The text of the standards ISO 9000, QS-9000 with TE supplement, and ISO 14000 are all at your fingertips to use while you compile your documentation.

The desktop then gives you the ability to check documents in and out of the database as administrator. It also prepares reports on who is working or using which document, what action items have to be done today, where routed documents are lying, and other coordination information.

The audit module helps you to prepare audit activities. The Quality Planner 9000 module for QS-9000 is a recommended option for companies that want to expand their quality system or get a jump on the year 2000 revision. It coordinates your FMEAs, prepares design and development reports, schedules gage checks, and has all the AIAG forms used for QS-9000.

Powerway offers a guided tour and training to fully understand the software. The Powerway people do an excellent job of providing the training you need at sites across the U.S. The training is highly recommended to get the full potential out of this software. However, they also report that many clients have been able to use the software well without any instruction.

Summary of all Three Software Packages

You face a unique choice when it comes to using ISO 9000 software. The first option is to develop a paper based system and not touch software. This takes the most time and effort but has little maintenance costs and you keep doing your job. The software option requires someone to tend the software and all of the control settings almost full time. However, you get just about everything you need to get your ISO 9000 system put together. All three packages are ready or modifiable for the year 2000 revision of the standard.

The third choice is to build an intranet based ISO 9000 system. This requires a lot of your time and the annoyance of establishing the network permissions to control the system properly. The cost is low, so it comes down to whether you think it is worth around $4,000 to $10,000 or so to avoid the project and buy one of the high-end software packages. For small companies the intranet option is looking more attractive. Using either HTML web pages or Office 97 you can create a shared document area with authorization restrictions. With Office you can also route documents and approvals using Outlook via e-mail.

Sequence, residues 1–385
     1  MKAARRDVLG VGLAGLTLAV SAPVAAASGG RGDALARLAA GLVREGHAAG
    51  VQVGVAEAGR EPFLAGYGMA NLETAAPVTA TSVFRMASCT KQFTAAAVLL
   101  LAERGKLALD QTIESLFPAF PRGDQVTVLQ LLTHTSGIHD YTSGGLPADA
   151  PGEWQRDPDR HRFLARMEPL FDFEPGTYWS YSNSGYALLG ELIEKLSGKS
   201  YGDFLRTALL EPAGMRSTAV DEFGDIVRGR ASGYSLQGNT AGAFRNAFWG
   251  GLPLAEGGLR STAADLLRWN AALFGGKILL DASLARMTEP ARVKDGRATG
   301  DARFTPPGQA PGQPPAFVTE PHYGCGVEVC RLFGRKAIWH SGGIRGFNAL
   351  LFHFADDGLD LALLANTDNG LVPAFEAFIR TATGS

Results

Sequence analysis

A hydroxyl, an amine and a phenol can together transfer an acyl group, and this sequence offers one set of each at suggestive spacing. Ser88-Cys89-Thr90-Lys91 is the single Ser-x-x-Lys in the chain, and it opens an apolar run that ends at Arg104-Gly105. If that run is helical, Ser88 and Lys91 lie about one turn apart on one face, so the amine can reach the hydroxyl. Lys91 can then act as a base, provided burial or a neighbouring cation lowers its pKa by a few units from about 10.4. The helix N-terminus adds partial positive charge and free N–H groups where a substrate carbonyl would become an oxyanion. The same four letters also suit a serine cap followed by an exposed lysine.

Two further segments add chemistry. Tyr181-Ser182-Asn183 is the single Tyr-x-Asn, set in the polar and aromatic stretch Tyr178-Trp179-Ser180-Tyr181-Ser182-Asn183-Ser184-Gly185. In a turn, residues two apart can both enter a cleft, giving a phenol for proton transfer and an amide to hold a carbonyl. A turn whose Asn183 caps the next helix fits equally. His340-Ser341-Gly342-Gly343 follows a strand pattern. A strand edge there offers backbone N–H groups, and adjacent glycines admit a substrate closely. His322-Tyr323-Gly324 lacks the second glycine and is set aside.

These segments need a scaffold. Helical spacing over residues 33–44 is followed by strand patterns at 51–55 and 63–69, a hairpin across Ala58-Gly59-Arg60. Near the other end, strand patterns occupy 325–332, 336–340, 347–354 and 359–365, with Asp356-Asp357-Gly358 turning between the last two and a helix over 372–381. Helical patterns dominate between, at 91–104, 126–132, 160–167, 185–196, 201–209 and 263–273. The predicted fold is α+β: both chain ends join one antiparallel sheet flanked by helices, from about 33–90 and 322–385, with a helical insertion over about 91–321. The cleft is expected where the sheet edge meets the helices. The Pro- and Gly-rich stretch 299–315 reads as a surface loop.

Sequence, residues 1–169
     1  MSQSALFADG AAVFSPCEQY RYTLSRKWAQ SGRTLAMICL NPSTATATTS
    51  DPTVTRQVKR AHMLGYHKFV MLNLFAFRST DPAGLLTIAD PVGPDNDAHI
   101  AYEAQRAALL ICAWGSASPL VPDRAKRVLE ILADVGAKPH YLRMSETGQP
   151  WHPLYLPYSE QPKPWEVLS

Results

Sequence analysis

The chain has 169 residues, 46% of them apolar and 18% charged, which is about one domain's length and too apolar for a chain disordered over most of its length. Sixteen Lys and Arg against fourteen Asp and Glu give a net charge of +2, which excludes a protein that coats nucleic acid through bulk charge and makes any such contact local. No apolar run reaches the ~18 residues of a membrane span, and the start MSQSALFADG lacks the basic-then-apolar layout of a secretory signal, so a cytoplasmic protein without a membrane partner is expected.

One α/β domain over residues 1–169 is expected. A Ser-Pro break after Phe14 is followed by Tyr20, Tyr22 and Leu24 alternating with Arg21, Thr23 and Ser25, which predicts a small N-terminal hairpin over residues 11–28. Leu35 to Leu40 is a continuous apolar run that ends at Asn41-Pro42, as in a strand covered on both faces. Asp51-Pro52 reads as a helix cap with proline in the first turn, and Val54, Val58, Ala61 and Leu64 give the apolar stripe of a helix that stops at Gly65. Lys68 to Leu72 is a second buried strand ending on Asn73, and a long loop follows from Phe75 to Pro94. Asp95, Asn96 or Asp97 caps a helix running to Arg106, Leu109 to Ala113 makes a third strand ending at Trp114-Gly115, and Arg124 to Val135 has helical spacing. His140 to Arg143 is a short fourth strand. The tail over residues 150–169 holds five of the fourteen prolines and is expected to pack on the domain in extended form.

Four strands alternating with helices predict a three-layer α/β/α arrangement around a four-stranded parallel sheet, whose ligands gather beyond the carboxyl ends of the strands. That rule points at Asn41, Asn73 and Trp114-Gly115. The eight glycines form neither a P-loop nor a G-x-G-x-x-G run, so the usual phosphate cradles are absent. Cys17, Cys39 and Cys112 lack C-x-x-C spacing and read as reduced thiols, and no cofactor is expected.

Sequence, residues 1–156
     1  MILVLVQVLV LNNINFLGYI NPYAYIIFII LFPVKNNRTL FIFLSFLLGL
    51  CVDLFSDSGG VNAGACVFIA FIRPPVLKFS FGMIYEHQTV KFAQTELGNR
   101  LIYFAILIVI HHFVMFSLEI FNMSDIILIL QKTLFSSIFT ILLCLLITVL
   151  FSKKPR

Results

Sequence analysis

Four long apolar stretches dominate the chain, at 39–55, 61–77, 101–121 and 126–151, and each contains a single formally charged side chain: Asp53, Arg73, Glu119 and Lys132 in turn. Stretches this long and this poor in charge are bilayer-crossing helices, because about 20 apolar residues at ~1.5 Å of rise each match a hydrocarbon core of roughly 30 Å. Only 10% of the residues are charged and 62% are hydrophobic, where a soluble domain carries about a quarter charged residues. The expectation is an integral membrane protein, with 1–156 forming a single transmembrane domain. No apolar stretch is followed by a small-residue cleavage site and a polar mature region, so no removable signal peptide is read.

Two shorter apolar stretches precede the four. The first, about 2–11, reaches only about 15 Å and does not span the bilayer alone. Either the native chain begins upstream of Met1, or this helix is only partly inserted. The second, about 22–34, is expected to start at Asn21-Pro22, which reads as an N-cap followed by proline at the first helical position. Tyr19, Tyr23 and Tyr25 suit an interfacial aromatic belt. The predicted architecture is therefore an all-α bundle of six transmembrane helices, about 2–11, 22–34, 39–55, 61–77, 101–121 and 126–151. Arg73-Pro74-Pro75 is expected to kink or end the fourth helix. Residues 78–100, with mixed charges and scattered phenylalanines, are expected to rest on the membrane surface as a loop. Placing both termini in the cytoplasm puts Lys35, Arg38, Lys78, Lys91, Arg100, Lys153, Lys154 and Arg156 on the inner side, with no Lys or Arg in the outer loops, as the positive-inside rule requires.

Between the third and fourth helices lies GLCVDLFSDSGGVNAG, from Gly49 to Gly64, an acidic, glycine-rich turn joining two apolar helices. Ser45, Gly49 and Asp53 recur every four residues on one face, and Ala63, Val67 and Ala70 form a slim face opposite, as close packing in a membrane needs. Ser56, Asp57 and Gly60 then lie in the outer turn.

Threatening all software options is the current race by several companies to produce a ready to go intranet for ISO 9000 on a CD-ROM. A couple of the companies are targeting prices at under $50 for instructions on how to implement, sample documents, and the basic intranet. Once they hit the market the high-end software guys will be limited to the larger companies, where they work best.

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barb butrym
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posted 04 March 1999 07:23 AM     Click Here to See the Profile for barb butrym   Click Here to Email barb butrym     Edit/Delete Message   Reply w/Quote
for what its worth,,ISI has a much better package than powerway...in my humble opinion, more user friendly and adaptable. Powerway tends to be very rigid...its as written or not at all. That said, I still like developing my own.

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Roger Eastin
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posted 04 March 1999 02:44 PM     Click Here to See the Profile for Roger Eastin   Click Here to Email Roger Eastin     Edit/Delete Message   Reply w/Quote
These announcements about TR16949, where did they come from? From Powerway? or an official organization like ASQ or AIAG or B3?

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Christian Lupo
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posted 04 March 1999 03:02 PM     Click Here to See the Profile for Christian Lupo   Click Here to Email Christian Lupo     Edit/Delete Message   Reply w/Quote
Roger-

The info I received came from the IAAR, the Independant Association of Accredited Registrars

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Marc Smith
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posted 05 March 1999 01:07 AM     Click Here to See the Profile for Marc Smith   Click Here to Email Marc Smith     Edit/Delete Message   Reply w/Quote
My info was from a listserve - the author is cited in his e-mail.

Barb: I'm not a powerway fan at all. I decided to leave the message intact but I put in my disclaimer as well. On the other hand, it is a 'canned' solution which some find appropriate.

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Amar Seth
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posted 25 March 1999 05:28 AM     Click Here to See the Profile for Amar Seth     Edit/Delete Message   Reply w/Quote
Marc,
This site is wonderful and I find it a great source of information which is of value. But may I suggest that this site be kept free from sponsoring any type of product. ( It refers to Powerway software).Personally,I tend to agree with comments of Barb that ISI software is much better package and extremely user freindly and adaptable.As opinions may be different ,it is better to keep this site free from controversies as far as possible.

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Marc Smith
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posted 25 March 1999 06:03 AM     Click Here to See the Profile for Marc Smith   Click Here to Email Marc Smith     Edit/Delete Message   Reply w/Quote
Thanks for the nice comments! Glad the site is a resource for you!

Do note that there is no 'significant' advertising on this site - there is absolutely no paid advertising. People may, and are encouraged to, express opinions about, or detail their experience with, any supplier / company they wish.